Similarity ==> Higher Speed

It seems common for products or product lines to evolve into a collection of components, technologies, processes, etc. When components come from different companies or teams, it’s likely each has a unique dev culture. So what? As time marches on, a lot of change will occur, regardless of ones desire for the status quo.

Let’s take the position of adapting new components as they are. Depending on the size, the component may come with a build system that includes a differs source control system  than what is normally used. The path of least resistance is to adapt the new process as is. The team now has 2 processes & 2 source control systems…

Before you know it, team members move on; now the new folks are left re-building 2 mental models, processes, etc, assuming only one misfit component was added to the team.

Consider adding a small component of an odd language, say Visual Basic, into a C++ shop. Again, it seems efficient to absorb the original technology and it is. Until we get to our favorite, inconvenient team truth: turn-over. Developers end up supporting a larger number of technologies, but it’s likely their depth of knowledge is shallow. The “guru’s” who know everything may be blocked from moving on in the organization and the business is similarly hamstrung by irreplaceable resources.

A mature development shop will recognize the value of simplicity, which brings consistency across the board: work item delivery, build processes, testing environments, development time, estimates, security practices, code reviews, deployment, etc. Also, such a shop will understand the cost of “re-writing” as a part of the original cost.

The team will either re-factor the component to regain their speed or choose to lose performance.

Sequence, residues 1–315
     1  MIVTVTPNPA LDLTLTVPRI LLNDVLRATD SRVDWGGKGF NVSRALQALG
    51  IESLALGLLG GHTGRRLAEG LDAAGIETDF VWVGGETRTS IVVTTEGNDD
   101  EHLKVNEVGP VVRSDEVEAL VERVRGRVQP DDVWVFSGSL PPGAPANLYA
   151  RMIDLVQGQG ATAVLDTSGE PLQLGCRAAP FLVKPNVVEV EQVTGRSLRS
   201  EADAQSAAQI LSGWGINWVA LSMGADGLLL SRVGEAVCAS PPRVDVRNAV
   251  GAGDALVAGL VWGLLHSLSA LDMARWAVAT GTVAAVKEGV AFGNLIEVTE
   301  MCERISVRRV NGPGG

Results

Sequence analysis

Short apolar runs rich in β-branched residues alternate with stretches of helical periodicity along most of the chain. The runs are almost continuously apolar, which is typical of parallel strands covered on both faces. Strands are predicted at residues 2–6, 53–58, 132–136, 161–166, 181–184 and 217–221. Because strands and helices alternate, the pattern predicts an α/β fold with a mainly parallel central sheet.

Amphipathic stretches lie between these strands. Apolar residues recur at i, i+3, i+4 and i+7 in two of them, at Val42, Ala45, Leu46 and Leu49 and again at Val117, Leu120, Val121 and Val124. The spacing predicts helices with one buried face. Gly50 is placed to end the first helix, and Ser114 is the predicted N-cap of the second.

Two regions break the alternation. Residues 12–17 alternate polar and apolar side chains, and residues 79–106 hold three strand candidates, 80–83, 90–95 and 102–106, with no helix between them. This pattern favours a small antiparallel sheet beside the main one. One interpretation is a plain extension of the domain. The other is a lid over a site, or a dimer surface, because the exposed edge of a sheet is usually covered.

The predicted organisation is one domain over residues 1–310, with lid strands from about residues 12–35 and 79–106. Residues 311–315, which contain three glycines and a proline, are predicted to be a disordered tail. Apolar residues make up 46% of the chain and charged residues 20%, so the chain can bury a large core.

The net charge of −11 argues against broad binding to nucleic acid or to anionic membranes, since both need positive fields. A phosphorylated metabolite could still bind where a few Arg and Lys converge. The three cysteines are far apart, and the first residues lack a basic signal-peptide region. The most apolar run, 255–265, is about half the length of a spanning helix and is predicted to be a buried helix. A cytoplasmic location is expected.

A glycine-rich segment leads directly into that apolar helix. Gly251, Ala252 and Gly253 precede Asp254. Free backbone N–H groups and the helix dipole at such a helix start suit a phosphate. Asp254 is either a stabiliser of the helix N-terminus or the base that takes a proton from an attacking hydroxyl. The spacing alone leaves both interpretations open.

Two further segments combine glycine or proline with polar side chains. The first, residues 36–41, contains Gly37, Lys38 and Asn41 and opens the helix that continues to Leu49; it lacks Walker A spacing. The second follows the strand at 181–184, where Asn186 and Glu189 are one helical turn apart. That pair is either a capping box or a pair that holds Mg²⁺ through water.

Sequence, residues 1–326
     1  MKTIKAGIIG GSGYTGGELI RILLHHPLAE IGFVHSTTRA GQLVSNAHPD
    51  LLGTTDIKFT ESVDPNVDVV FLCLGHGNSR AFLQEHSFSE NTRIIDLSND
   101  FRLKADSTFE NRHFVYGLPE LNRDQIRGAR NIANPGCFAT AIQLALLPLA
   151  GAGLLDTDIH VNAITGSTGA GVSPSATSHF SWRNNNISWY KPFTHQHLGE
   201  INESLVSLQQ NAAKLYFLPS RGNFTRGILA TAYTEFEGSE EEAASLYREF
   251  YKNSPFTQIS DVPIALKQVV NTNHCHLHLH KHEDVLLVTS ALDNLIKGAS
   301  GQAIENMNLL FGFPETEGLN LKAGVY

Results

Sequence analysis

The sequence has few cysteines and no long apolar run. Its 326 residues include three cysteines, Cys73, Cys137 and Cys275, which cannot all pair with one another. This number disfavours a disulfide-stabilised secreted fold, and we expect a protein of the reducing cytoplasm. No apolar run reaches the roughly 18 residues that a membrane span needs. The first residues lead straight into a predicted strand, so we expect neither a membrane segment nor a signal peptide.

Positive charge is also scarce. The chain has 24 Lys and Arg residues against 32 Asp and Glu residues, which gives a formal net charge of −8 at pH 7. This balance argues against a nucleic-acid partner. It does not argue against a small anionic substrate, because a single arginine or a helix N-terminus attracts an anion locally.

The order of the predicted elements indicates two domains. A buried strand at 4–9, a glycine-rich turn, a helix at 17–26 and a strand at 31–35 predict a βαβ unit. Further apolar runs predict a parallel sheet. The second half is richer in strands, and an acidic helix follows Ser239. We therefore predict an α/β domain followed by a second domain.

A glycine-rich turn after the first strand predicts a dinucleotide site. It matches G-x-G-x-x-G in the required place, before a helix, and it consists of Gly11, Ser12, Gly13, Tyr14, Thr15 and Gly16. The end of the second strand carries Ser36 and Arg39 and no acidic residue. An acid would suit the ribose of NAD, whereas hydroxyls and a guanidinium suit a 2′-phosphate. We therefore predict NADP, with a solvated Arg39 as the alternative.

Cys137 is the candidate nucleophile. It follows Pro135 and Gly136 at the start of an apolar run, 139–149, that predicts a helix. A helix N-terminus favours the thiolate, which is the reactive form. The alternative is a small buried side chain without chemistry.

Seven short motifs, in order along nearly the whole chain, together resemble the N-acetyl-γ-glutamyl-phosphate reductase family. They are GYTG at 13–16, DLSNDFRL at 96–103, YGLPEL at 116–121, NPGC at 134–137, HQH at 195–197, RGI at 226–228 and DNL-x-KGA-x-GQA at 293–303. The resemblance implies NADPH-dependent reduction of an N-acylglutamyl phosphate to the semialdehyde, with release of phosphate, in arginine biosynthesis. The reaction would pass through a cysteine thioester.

Similarity ==> Higher Speed

Clear Requirements => Higher Speed

It seems that one of the early (and arguably immature) attractions of agile software development is that requirement gathering, discussion, decisioning & documenting was not necessary. All dev’s had to do was code, code, code! It probably didn’t help when every lame-brain idea was able to collect oodles of startup cash; it was imperative to code, code code!

As time went on and that next “great” thing became a legacy product, something inevitable occurred: team turn-over. With this, much of the institutional knowledge went out the door.

In these later years, the team has a mixture of old guard & late additions. The late additions find many perplexing practices, artifacts & technologies. The old guard has some recollection of the meaning, but not a precise or comprehensive understanding. A lot of time is spent re-discovering old decisions.

“But what about automated tests?”, you ask. Well, believe it or not, testers also leave teams. When the new testers arrive, they have no basis to form updated or new test plans, as requirements simply don’t exist. The consequence is that they too have many repeated questions, file incorrect bugs and basically have to start over.

Documentation has the same challenge; nothing to compare updates to. Again, they are in the “start-over” camp as everyone else.

Simply put (I think many understand this now), requirements are required for long-term success. A product cannot survive and thrive without the basics under control.

Clear Requirements => Higher Speed